Monday, November 16, 2009
Appeals Court Sanctions ‘Vexatious’ Northridge Attorney $10,000
By SHERRI M. OKAMOTO, Staff Writer
This district’s Court of Appeal on Friday sanctioned a Northridge attorney and her client $10,000 for bringing a frivolous appeal, for the third time, as to her son’s standing to participate in a probate proceeding.
Div. Five explained that the possibility Justin Ringgold-Lockhart could inherit trust property from his mother, Nina Ringgold, in the future did not give him a property right in or a claim against the trust estate that may be affected by the probate proceeding in which he sought it intercede.
Nina Ringgold, who did not return a MetNews phone call, was a beneficiary and former trustee of a trust. She was held in direct contempt of a court order to sign documents giving the successor trustee access to trust property—which arose from a prior order to cooperate and turn over documents that would allow trust property to be distributed to beneficiaries—by Los Angeles Superior Court Judge Michael R. Hoff in 2006.
She subsequently filed numerous appeals which were dismissed due to her failure to obey the probate court’s order and then began representing her son in 2007, asserting that he had standing to appeal various orders as her successor-in-interest.
Lack of Standing
Ringgold-Lockhart purported to appeal from two 2007 probate court orders, but Div. Five ruled that he lacked standing since he had no then-current interest in the trust assets and no existing right to any distribution from the trust.
In October 2007, Ringgold-Lockhart filed a verified petition seeking an order to show cause re contempt and other relief, but Judge Aviva K. Bobb, since retired, found he lacked standing to participate in the probate proceeding. Div. Five upheld Bobb’s decision in an unpublished decision in January of this year.
The next month Div. Five declared Ringgold a vexatious litigant, finding in an unpublished opinion that she had repeatedly tried to “frivolously litigate her right to appeal on her own behalf notwithstanding her refusal to abide by a court order.”
In the instant case, Ringgold-Lockhart purported to appeal from a nunc pro tunc order approving an ex parte petition for preliminary partial distribution, an order authorizing the retaining of appellate counsel and payment of fees, and a statement of decision.
Probate Code Sec. 48 limits standing in a probate proceeding to an “interested person,” such as an “heir, devisee, child, spouse, creditor, beneficiary, and any other person having a property right in or claim against a trust estate or the estate of a decedent which may be affected by the proceeding.”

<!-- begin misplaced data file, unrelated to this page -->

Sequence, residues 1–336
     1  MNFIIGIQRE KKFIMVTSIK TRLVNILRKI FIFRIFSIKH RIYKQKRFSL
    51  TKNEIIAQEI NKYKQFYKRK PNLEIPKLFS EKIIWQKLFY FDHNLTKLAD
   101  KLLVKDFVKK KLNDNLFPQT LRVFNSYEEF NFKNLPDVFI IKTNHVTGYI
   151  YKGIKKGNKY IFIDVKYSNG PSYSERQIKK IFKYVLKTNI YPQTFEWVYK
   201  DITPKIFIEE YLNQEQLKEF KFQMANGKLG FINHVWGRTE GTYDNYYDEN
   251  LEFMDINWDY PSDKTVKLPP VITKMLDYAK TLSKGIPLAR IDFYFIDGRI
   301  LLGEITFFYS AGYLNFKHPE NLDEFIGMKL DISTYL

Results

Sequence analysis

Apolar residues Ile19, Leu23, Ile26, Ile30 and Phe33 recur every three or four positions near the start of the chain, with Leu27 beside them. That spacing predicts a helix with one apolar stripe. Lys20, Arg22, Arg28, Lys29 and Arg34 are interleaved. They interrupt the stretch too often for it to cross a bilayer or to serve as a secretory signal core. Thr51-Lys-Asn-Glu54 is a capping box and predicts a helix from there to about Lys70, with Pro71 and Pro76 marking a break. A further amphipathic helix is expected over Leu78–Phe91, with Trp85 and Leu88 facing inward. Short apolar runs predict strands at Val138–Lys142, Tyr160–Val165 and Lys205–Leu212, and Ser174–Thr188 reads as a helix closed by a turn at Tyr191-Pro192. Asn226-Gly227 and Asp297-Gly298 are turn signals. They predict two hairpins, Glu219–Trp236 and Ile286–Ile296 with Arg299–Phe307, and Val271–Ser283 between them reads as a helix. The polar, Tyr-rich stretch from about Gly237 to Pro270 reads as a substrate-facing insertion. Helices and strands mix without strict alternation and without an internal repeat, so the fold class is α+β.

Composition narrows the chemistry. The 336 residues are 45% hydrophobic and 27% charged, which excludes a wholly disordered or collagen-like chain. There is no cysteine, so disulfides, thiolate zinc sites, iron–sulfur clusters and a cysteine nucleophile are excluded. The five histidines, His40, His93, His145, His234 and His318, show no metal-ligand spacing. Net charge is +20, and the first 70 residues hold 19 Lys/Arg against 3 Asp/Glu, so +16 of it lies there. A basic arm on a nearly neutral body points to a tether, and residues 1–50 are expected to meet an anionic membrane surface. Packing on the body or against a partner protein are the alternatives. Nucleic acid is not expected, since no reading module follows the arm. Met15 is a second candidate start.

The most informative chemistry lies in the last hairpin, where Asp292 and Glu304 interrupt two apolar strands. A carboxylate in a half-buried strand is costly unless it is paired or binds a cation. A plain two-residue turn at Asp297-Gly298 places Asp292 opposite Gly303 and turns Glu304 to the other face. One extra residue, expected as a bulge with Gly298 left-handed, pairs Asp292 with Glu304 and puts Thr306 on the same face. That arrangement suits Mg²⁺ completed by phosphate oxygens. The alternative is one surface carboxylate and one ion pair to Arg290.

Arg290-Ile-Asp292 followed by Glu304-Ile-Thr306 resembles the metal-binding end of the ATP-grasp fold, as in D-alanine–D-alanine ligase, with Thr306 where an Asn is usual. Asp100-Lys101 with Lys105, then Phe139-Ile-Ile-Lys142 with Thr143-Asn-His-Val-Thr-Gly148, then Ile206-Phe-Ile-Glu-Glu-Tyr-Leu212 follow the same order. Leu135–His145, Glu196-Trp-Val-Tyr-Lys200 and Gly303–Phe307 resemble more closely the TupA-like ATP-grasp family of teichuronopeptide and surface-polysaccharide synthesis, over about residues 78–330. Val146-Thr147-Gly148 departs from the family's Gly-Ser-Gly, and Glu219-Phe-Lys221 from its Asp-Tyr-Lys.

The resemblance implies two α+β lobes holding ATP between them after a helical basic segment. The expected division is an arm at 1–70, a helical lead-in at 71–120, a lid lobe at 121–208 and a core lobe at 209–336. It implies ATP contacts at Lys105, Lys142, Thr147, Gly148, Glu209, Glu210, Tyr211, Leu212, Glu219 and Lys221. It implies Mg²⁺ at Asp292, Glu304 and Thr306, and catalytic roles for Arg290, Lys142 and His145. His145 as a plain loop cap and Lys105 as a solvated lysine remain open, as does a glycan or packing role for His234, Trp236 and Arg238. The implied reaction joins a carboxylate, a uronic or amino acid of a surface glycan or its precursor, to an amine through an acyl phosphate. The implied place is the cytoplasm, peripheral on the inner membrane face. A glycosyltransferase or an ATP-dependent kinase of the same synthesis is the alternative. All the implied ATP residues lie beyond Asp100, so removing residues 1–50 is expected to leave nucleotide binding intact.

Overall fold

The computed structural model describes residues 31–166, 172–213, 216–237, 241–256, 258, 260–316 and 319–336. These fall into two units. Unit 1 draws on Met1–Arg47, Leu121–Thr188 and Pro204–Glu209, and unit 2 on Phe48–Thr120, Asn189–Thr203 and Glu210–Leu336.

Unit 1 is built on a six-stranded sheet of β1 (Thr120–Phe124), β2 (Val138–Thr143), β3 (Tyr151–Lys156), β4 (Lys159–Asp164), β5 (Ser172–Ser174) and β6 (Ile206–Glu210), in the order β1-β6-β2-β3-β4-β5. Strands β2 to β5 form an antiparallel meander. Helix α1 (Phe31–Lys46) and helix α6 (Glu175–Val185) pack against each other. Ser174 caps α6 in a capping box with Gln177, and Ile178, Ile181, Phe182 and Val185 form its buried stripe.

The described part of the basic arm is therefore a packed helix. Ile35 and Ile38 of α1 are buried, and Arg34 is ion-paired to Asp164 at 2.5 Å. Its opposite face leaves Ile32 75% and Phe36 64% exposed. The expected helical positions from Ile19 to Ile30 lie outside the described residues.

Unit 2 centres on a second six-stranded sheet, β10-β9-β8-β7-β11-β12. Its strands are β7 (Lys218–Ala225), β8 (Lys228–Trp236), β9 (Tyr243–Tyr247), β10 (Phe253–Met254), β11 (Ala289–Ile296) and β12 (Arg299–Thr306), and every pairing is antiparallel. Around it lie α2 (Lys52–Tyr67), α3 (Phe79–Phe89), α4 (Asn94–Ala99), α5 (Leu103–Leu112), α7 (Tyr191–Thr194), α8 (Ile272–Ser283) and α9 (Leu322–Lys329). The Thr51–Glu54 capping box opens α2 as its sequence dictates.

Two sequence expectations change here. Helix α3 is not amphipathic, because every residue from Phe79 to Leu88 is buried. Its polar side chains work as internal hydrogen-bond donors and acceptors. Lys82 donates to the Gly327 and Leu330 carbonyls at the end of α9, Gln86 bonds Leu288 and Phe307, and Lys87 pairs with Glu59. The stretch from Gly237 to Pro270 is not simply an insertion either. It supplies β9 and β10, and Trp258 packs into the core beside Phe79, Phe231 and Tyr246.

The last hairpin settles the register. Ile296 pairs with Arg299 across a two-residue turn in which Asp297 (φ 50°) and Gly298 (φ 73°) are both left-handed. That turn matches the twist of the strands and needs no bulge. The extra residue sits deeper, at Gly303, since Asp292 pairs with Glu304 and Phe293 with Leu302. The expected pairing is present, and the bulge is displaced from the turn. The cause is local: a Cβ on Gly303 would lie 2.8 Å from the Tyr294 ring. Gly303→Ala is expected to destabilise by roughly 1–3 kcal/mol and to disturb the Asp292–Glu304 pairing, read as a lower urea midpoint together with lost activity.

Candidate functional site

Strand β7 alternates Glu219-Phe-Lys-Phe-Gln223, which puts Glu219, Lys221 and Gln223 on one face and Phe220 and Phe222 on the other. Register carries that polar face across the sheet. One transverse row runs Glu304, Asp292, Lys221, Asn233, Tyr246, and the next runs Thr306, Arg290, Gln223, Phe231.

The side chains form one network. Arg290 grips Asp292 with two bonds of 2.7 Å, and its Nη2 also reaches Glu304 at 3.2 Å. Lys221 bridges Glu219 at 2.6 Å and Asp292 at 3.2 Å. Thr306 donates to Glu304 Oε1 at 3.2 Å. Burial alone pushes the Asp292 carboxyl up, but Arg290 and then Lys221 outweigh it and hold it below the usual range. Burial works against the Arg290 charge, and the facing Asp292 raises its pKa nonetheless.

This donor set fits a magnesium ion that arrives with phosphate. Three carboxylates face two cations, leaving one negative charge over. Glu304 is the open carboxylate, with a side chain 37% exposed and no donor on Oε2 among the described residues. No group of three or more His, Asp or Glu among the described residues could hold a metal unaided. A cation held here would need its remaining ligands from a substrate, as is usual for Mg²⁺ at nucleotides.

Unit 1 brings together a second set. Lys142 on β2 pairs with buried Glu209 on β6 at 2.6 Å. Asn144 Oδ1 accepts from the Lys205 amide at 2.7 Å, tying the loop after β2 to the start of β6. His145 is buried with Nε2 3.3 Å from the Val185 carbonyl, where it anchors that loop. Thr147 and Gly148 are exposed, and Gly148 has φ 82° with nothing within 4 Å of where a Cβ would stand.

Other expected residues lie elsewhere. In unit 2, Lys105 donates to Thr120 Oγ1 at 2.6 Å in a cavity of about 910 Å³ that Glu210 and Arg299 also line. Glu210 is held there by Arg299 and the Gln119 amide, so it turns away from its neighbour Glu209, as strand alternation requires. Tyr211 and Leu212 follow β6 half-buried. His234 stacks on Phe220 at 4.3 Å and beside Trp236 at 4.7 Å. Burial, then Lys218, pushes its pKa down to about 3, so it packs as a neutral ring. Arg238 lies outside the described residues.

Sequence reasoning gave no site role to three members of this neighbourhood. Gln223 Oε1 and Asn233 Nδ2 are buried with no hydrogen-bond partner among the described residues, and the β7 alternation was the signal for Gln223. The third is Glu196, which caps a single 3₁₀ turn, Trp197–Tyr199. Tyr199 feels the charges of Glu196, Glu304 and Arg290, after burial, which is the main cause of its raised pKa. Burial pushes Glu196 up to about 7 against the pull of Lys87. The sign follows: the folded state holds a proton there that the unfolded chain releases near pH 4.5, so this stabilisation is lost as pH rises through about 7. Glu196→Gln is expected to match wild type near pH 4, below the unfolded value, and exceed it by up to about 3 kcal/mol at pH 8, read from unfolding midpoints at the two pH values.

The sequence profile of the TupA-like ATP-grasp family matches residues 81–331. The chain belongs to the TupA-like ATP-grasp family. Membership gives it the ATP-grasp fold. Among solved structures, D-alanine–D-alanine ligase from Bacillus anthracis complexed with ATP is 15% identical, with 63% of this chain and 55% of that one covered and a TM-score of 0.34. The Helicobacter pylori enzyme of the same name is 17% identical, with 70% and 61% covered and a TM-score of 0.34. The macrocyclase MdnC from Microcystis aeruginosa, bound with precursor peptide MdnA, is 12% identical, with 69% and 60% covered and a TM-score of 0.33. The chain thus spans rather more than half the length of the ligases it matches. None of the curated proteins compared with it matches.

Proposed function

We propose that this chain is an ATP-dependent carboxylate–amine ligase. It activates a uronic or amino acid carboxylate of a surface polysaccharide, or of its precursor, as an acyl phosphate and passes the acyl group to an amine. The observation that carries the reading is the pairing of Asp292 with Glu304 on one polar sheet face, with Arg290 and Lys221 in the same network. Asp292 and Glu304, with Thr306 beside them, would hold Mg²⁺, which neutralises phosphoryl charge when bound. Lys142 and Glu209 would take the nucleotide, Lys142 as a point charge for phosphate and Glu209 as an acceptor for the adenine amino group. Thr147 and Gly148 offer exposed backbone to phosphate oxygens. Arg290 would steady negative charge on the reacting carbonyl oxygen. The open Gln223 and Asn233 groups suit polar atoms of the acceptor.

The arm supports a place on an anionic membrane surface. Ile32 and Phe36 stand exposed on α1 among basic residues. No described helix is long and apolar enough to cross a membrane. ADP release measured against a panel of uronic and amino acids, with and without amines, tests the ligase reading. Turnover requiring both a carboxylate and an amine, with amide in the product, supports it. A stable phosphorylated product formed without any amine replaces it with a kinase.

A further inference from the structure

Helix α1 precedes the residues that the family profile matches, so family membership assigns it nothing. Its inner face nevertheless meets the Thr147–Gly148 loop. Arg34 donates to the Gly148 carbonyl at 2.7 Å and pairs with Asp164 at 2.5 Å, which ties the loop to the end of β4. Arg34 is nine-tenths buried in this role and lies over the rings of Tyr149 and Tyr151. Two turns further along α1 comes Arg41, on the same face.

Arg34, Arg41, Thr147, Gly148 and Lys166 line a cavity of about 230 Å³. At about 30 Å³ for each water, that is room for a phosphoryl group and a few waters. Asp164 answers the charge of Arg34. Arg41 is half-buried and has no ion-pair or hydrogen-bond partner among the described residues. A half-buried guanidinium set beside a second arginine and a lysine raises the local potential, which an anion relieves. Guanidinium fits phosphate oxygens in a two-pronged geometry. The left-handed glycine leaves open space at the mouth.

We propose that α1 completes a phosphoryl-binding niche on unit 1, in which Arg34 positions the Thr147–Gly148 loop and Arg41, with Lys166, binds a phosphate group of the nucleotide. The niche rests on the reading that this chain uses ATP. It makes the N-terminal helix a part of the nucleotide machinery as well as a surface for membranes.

Writing for the appellate court, Presiding Justice Paul Turner rejected Ringgold-Lockhart’s claim that he was an “interested person” with a future interest in the trust and a current right to trust principle as the issue of an income beneficiary.
“We have reviewed the trust provisions and find no support for plaintiff’s assertions,” Turner said. Absent any evidence that Ringgold-Lockhart was a beneficiary of the trust or that his mother was an income beneficiary of the trust, Turner reasoned that Ringgold-Lockhart had no interest providing him with standing.
He further concluded that sanctions were appropriate “as the contention now for the third appeal that Mr. Ringgold-Lockhart is an interested party thereby having standing to appear and appeal the probate court’s orders is frivolous and any reasonable attorney would believe the appeal totally and completely without merit.”
Joint and Several
Joined by Justice Orville A. Armstrong and Justice Madeline Flier of Div. Eight, sitting on assignment, Turner ordered Ringgold and Ringgold-Lockhart to pay sanctions of $10,720, jointly and severally, in favor of Andre-Paul Summers Chaussier as successor trustee of the Summers Family Trust.
Marshal A. Oldman and Mary-Felicia Apanius of Oldman, Cooley, Sallus, Gold, Birnberg & Coleman represented Chaussier and filed the motion for sanctions. Santa Monica attorney Andrea Lynn Rice and Marc L. Edwards of Tarzana—who represented the trustees of two other trusts involved in the dispute—joined the motion.
Apanius said that the trust dispute began in 2003 and that Ringgold “began appealing virtually every order in the case” after 2005.
She opined that the Court of Appeal “rarely imposes sanctions and this [ruling] demonstrates that they are going to do so in what they believe is an appropriate situation.”
The case is Ringgold-Lockhart v. Sankary, B217816.
Copyright 2009, Metropolitan News Company